But there is a problem here. "The people" cannot own, control and regulate the media. That can only be done by a small minority - a mere fraction of the population, in fact much fewer than one per cent. And it is this minority which is able to determine which facts the people will be allowed to know about, which events will be reported to them, which points of view they will be able to examine and evaluate, which political parties it is good to vote for and which not, which politicians are decent, upright, honourable and capable citizens and which are disreputable, incompetent, "dangerous" and "extreme".

This invests that minority who control the mass media with enormous power - perhaps even greater power than a prime minister or cabinet. It is this minority which determines the climate of "public opinion" in which politicians have to operate, the "public opinion" to which they have to defer and which they dare not offend if they are to get elected and stay elected.

Even when the mass media consisted mainly of newspapers, and only a small minority read those newspapers, this power was considerable. Today, when it embraces mass-circulation newspapers and television, it is colossal beyond imagination.

And we must not forget another fact about the media. Their political influence extends far beyond newspaper reports and articles, and television programmes, of a direct political nature - connected, that is, with current affairs that bear upon politics. In a much more subtle way, they can influence people's thought patterns by other means: newspaper stories, pages dealing with entertainment and popular culture, movies, TV "soaps", "educational" programmes: all these types of fare help form human values, concepts of good and evil, right and wrong, sense and nonsense and what is "fashionable" and "unfashionable". These human value systems, in turn, shape people's attitude to political issues, influence how they vote and therefore determine who holds political power.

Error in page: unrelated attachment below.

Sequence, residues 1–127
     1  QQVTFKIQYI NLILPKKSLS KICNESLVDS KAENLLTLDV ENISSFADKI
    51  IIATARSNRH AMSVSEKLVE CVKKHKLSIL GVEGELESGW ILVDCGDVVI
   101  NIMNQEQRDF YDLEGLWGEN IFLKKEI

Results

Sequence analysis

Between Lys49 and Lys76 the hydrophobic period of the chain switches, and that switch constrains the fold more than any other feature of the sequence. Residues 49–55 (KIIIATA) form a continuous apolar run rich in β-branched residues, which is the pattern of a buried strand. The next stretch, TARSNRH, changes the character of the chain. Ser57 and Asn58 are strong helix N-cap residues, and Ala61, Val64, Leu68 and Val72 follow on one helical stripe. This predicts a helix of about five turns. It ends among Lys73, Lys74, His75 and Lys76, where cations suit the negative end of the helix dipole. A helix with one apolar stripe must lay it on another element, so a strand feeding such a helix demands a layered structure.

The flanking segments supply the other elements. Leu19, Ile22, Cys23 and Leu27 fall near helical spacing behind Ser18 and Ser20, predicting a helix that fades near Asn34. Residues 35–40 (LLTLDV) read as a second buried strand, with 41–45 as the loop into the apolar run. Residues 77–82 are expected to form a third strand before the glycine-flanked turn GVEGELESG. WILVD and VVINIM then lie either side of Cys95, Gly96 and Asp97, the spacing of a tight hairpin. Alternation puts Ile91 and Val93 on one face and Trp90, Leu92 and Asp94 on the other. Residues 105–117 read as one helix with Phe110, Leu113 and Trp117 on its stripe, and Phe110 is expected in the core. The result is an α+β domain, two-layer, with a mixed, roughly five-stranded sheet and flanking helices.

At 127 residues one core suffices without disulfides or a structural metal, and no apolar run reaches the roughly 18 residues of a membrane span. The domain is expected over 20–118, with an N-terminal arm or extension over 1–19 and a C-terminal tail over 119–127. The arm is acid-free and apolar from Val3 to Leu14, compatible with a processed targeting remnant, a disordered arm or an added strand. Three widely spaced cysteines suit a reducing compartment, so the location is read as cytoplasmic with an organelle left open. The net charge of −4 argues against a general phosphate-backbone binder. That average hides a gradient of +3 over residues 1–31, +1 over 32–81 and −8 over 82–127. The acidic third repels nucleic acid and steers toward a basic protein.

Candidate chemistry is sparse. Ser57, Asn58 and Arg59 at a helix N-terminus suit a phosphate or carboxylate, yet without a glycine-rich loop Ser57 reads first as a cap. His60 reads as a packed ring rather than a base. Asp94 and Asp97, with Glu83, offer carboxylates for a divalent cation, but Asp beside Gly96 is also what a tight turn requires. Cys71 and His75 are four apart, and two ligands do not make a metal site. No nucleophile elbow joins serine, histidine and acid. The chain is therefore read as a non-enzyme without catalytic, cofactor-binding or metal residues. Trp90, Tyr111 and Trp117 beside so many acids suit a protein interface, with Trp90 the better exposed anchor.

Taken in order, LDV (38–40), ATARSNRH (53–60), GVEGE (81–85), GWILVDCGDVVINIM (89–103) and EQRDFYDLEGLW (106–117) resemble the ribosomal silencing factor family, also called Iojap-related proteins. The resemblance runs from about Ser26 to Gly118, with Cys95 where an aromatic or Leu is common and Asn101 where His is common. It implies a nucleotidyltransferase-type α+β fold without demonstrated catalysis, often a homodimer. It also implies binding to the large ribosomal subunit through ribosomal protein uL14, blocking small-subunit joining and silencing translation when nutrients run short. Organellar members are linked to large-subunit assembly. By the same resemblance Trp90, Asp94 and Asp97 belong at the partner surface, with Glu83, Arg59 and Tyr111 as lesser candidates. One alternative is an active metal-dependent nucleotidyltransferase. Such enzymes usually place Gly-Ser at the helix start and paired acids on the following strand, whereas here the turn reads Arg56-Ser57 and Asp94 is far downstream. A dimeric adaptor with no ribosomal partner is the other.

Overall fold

Yet for some strange reason there is very little public discussion in Britain today, as an example, of who actually exercises media control. The people are encouraged to get tremendously excited about the outcome of a general election, even of local government elections, yet these contests probably have far less a bearing on the question of who wields power over us than the much more crucial one of who regulates "public opinion" and therefore determines the agenda both for the contesting of elections and for what is done in government by whoever wins.

Any study of what is happening on the national scene must therefore today include a study of the workings of the mass media: who the people are who own, control and operate those media, and to what purposes their immense power is being put.


Current Affairs

Discussion programmes on TV and radio dealing with current affairs and topical public issues are presented so as to convey the impression that they are conducted in accordance with the letter and spirit of "democracy", with various viewpoints given a hearing. However, where the discussion threatens to touch upon issues considered "sensitive" to the judaized establishment which controls TV and radio, it is carefully stage-managed so that "dangerous" viewpoints are excluded.